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July 11th, 2012
03:00 AM ET

Ex-Scientologist: Cruise was top church recruit

Montreal, Quebec (CNN) - For the secretive Church of Scientology, "there was no bigger recruit than Tom Cruise."

The top Hollywood actor's membership in the Church beginning in 1986 "was huge," says Karen Pressley - a former Commanding Officer of the Church's Celebrity Centre in Hollywood from 1987 to 1989.

"My job was to ensure that celebrities were recruited, that celebrities were well serviced within our organization, and also to open up new celebrity centers around the world," she told CNN.

The high-profile marriage split between Cruise and actress Katie Holmes, who was raised Catholic, has re-ignited media interest in Scientology's influence in Hollywood.

Related story: What is Scientology? 

A joint statement released Monday to announce their divorce settlement said, "We want to keep matters affecting our family private and express our respect for each other's commitment to each of our respective beliefs and support each other's roles as parents." It's not known if Holmes joined the Church of Scientology.

Cruise is just one of many celebrity members of the church, including John Travolta, Jenna Elfman and Kirstie Alley.

See photos of other Scientology celebs

But Cruise was among Scientology's biggest fish, says Pressley. "Is there a bigger name than Tom? We called him TC."

Church founder L. Ron Hubbard realized celebrities were key to his mission, according to the Scientology website.

CNN’s Belief Blog: The faith angles behind the biggest stories

"The world is carried on the backs of a desperate few," Hubbard is quoted as saying on the site. By "the few," Hubbard was referring to leaders in the realm of art, politics, industry, and sports. To cater to these people specifically, the church formed a special branch of Church of Scientology called the Celebrity Centre International. With locations around the world, Hollywood's celebrity center was established in 1969.

Its aim: to provide celebrities "… with a practical technology for improving one's happiness and creativity," the website says.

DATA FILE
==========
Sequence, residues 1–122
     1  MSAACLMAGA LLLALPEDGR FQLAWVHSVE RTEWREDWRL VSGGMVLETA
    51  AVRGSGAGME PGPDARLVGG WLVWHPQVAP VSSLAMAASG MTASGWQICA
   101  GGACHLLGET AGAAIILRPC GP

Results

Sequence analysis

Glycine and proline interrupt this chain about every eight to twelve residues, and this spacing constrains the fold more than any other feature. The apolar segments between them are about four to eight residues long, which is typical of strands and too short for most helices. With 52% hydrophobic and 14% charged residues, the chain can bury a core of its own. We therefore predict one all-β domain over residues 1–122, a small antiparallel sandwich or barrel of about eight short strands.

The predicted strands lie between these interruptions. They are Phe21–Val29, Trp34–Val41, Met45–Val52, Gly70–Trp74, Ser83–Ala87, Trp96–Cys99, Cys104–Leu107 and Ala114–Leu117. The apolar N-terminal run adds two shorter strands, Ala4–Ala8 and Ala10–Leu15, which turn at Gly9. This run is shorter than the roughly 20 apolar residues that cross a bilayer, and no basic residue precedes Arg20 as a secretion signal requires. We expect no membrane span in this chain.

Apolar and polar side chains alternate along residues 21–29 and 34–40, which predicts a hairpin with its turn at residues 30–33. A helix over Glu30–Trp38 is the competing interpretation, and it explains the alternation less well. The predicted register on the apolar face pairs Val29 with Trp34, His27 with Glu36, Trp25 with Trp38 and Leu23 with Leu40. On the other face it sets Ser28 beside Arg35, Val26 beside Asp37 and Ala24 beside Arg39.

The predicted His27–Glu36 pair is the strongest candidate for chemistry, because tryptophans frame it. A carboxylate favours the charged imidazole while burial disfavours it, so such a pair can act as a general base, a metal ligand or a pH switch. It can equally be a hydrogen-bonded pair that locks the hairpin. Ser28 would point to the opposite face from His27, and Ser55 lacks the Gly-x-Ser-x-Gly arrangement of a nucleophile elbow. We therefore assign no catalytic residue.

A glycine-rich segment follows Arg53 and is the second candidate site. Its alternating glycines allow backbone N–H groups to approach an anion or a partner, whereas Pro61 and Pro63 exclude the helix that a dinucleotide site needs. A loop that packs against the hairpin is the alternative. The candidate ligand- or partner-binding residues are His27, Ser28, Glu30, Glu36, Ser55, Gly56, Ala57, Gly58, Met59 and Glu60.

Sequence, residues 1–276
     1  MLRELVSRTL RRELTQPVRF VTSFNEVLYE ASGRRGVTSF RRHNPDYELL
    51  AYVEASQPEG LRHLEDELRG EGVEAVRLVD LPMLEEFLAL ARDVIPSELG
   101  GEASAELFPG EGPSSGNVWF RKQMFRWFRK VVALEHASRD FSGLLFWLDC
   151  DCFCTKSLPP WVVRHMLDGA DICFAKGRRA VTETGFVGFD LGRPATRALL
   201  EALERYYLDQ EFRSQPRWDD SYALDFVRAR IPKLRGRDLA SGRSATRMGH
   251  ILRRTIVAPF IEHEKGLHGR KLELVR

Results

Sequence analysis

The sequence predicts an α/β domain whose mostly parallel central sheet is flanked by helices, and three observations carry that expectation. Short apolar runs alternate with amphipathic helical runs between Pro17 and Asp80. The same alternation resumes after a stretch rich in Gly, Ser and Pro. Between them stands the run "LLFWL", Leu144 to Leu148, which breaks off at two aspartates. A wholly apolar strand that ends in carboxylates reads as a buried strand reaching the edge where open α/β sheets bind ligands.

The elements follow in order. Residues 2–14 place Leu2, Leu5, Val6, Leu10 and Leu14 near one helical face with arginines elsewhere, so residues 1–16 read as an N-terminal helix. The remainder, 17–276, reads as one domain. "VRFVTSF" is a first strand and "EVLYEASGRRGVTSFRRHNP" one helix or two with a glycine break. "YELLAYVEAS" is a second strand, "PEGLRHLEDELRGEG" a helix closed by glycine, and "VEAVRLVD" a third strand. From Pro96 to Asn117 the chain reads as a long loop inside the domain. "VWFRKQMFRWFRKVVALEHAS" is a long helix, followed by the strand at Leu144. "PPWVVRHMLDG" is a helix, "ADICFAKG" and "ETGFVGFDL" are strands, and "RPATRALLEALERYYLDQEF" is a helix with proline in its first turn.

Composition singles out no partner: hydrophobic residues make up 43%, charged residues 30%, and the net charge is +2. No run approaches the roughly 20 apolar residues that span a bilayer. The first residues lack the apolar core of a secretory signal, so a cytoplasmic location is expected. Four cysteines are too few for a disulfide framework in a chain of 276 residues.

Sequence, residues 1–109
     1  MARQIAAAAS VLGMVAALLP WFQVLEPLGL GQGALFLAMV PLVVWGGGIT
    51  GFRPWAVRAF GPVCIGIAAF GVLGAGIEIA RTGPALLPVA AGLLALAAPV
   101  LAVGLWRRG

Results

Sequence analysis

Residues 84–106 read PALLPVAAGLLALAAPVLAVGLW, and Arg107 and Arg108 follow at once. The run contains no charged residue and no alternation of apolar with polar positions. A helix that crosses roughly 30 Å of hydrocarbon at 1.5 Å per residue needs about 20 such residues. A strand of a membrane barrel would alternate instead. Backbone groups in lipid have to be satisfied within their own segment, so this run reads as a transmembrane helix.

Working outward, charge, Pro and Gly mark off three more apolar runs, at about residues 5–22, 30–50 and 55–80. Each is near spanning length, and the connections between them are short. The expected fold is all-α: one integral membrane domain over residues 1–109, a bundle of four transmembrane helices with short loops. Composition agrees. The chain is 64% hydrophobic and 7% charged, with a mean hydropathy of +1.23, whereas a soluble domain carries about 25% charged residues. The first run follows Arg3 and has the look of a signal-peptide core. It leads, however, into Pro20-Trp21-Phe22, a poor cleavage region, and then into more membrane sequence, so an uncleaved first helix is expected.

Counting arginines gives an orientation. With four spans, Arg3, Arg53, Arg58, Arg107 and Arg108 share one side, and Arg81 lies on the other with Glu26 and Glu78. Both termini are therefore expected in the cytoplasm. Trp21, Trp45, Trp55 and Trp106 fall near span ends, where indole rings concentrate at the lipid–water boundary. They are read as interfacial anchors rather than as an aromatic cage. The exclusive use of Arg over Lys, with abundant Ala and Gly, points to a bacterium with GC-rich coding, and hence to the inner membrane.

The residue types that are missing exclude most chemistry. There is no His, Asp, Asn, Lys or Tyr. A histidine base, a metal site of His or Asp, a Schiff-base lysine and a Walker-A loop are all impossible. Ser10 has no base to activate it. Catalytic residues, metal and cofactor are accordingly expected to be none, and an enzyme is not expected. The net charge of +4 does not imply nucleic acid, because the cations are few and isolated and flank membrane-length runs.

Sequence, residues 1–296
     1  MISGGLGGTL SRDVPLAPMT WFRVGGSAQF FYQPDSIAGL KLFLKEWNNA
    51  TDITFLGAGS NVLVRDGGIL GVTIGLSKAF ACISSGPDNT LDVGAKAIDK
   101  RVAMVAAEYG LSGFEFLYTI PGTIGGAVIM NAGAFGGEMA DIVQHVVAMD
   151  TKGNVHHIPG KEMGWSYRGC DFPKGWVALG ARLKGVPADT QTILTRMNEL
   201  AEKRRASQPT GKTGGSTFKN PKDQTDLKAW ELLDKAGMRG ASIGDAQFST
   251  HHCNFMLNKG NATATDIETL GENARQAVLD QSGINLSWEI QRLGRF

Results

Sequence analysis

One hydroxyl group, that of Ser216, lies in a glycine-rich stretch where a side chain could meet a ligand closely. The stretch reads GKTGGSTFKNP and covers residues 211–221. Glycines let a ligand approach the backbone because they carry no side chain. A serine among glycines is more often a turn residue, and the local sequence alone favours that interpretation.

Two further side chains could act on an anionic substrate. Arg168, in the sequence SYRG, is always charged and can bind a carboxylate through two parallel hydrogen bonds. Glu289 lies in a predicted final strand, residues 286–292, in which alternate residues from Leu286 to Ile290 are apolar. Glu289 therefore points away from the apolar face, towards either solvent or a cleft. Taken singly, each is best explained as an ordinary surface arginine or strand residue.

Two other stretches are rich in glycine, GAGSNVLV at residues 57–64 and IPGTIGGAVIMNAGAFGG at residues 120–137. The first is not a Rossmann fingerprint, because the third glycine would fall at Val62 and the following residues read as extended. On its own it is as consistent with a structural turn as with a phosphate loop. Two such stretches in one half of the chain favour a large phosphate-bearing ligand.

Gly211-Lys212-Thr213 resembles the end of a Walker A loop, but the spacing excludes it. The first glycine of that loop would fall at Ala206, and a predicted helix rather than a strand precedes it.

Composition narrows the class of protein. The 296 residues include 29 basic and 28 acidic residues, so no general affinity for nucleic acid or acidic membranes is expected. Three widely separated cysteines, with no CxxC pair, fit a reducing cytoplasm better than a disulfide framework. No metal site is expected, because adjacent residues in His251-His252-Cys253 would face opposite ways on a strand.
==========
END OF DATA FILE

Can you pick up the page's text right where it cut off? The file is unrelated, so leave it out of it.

The church opens the Celebrity Centres for public tours. The Hollywood center offers classes and even a Sunday brunch, according to the website.

According to Pressley, celebrities get special perks including private entrances and course rooms, along with access to a VIP lounge.

She says Hubbard targeted celebrities specifically to add credibility to the Church's beliefs and to encourage more people to join.

Pressley, who was a Scientologist for 16 years, described internal wish lists and strategies discussed among church leaders in the 1980s to recruit other celebrities - including Brad Pitt and Demi Moore. Those discussions about how to bring Moore and Pitt into the fold never bore fruit, Pressley said.

The church would work to win over celebrity recruits, Pressley said, by giving them individual attention and by explaining how Scientology could help them achieve their highest goals as artists.

In exchange for tailored treatment, Pressley says Scientology leaders expected celebrities to stay committed to the church's teachings and speak glowingly of its benefits.

Many of them do exactly that. Travolta's spouse, Kelly Preston, credited Scientology with helping the couple cope with the death of their son, Jett.  Alley said the Church helped her overcome a drug addiction.

As for Cruise, he has publicly touted the benefits of church teachings, famously debating NBC's Matt Lauer about the church's stand against psychiatric drugs. More recently, Cruise told Playboy magazine that Scientology offers him a "search for how I can do things better, whether it's being a better man or a better father or finding ways for myself to improve."

"Individuals have to decide what is true and real for them," Cruise said.

Watch Cruise talk about Scientology

Like many faiths, Scientology prides itself on providing couples with communication tools to succeed at marriage. "It works," the church website says. "Whether applied to marital or personal relationships, to one's family or career or simply one's personal peace of mind – Scientology changes conditions for the better."

But Pressley says, as Scientology's celebrity poster child divorces for a third time, it hurts the church and Cruise.

"What does that say about .. a senior level Scientologist like Tom - TC?" Pressley asks. "What does that say about his ability to succeed in relationships? I think it's a huge statement."

The church has only said the divorce is "a private family matter " between Holmes and Cruise and said it "will continue to respect their privacy."